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Thermaltake Shark Case Review
By: Dan Wellman
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    Table of Contents:
  • Thermaltake Shark Case Review
  • The Shark Exterior
  • Shark Interior
  • Installing Drives
  • Front Ports and Performance
  • Conclusion

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    Thermaltake Shark Case Review

    (Page 1 of 6 )

    Your case is one of the most visible components of your system and can say a lot about who you are and what your computer is for. With so many different designs and styles available to choose from, you can say almost anything you want. Today Dan Wellman takes a look at the Thermaltake Shark case, a high end enclosure built to look good and cool well.

    Thermaltake has built a solid reputation as an innovative manufacturer of top quality cooling solutions, and their stunning range of high-end cases is no exception.  The Shark VA7000 case is one of the more expensive cases in the Thermaltake range, so expect to pay somewhere in the region of $150 - $170 for one without a PSU. One with a PSU or liquid-cooling system thrown in is much more.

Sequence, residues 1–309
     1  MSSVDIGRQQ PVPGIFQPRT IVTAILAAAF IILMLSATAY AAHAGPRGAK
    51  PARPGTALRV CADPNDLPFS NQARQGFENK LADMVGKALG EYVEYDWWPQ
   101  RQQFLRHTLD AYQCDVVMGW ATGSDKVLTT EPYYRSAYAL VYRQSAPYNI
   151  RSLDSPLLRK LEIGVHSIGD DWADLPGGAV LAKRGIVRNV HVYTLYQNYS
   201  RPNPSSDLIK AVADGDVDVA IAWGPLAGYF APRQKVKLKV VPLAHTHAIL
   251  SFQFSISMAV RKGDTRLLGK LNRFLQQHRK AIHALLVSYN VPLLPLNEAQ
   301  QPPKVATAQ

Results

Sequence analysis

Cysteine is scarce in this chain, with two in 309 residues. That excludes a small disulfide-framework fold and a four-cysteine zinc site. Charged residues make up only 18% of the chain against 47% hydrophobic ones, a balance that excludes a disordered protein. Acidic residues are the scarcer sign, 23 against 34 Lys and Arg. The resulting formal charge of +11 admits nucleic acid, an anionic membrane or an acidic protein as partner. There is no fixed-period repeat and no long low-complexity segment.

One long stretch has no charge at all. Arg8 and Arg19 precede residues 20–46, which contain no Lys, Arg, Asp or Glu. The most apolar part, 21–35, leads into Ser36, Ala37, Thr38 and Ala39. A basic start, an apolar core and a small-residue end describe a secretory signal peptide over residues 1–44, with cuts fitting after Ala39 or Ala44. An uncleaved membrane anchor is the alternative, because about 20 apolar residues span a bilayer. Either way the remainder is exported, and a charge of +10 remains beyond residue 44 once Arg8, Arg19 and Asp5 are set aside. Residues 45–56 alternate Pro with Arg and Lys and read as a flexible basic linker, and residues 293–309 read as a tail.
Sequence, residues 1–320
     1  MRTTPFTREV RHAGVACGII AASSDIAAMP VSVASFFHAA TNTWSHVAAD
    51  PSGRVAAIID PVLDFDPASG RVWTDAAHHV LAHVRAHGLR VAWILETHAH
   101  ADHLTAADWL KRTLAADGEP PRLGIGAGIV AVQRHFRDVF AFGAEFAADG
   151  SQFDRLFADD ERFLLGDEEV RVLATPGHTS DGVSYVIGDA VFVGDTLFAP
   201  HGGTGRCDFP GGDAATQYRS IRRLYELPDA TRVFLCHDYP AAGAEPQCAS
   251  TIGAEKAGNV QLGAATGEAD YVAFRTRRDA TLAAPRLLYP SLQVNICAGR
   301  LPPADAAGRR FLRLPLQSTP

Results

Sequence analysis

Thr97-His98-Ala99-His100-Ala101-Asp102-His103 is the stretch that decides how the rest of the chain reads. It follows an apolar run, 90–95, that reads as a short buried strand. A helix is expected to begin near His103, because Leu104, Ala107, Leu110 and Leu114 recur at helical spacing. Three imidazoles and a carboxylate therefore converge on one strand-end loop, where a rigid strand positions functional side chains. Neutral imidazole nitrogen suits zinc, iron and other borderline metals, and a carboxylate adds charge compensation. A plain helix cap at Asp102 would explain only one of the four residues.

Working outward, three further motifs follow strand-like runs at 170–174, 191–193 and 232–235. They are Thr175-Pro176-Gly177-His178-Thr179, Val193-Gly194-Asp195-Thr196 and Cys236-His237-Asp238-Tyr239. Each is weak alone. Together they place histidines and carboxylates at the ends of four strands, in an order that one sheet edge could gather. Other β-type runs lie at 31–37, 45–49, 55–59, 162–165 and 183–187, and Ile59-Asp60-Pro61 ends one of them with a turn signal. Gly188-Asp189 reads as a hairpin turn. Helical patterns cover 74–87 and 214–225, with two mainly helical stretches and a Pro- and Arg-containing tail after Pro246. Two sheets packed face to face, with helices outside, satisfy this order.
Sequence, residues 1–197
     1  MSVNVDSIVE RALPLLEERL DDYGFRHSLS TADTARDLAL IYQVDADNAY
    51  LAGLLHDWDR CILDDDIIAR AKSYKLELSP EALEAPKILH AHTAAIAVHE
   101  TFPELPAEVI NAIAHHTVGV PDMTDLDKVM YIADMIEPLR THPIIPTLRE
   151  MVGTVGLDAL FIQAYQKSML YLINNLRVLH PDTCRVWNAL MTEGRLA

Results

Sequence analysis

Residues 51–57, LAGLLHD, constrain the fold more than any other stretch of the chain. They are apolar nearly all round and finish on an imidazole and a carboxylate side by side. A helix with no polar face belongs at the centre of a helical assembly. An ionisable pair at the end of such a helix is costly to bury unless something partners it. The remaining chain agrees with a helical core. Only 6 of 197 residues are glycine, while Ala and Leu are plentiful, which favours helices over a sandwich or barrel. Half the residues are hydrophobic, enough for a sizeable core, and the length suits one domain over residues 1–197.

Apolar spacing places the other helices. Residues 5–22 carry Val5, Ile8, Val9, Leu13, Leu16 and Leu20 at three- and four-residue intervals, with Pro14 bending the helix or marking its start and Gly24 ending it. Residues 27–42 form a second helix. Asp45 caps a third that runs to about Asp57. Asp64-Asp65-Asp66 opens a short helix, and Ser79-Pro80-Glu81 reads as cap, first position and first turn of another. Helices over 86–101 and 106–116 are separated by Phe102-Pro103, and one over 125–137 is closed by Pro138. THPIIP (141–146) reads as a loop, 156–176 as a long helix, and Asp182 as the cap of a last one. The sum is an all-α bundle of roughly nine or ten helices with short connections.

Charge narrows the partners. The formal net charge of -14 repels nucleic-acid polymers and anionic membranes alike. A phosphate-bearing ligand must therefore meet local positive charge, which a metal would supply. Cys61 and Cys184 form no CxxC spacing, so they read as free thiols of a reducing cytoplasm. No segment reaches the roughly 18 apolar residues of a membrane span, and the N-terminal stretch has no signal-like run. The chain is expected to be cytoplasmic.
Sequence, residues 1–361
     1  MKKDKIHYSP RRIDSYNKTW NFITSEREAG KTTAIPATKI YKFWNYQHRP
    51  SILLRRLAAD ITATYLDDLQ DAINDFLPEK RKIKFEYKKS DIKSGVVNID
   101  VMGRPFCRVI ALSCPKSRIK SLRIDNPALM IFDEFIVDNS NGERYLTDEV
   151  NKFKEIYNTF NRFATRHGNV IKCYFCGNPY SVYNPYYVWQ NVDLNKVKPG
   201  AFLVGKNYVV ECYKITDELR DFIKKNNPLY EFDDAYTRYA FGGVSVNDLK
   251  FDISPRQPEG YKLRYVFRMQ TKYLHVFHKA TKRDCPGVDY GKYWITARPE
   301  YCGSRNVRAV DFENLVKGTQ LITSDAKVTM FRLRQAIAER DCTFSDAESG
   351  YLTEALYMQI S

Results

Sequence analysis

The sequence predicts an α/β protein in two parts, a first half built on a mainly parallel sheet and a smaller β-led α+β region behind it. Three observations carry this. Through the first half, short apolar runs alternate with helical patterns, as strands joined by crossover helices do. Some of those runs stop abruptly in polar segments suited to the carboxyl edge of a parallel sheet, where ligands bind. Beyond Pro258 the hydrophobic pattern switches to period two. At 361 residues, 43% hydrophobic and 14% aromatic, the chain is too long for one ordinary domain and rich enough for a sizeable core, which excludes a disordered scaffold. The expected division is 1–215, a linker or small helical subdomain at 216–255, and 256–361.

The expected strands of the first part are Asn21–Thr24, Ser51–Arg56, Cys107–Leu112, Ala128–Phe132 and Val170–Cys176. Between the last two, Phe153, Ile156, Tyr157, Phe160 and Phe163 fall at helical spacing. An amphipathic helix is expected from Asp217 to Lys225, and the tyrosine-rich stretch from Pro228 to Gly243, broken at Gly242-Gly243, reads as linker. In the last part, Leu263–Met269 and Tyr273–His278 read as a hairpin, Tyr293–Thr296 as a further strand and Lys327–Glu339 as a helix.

For a case thatís pretty expensive, but Thermaltake is giving you much more than just somewhere to put your motherboard and drives. Almost every aspect of the case is bursting with innovation and ideas that make working with the case a pleasure.  Even the cardboard box that the case comes in is colourful and attractive!

    Upon purchase, you obviously get the case itself.  You also get a bagful of screws and whatnot for attaching your drives and seating the motherboard, etc.  Thermaltake being the masters of cooling also throws in not one, but two 12cm 2000rpm fans (intake and exhaust) to ensure that a constant supply of cool air is dragged over the internal components and then pushed out as it heats up.  It is also compatible with all current types of liquid cooling systems.  The form factor is ATX or mini-ATX.

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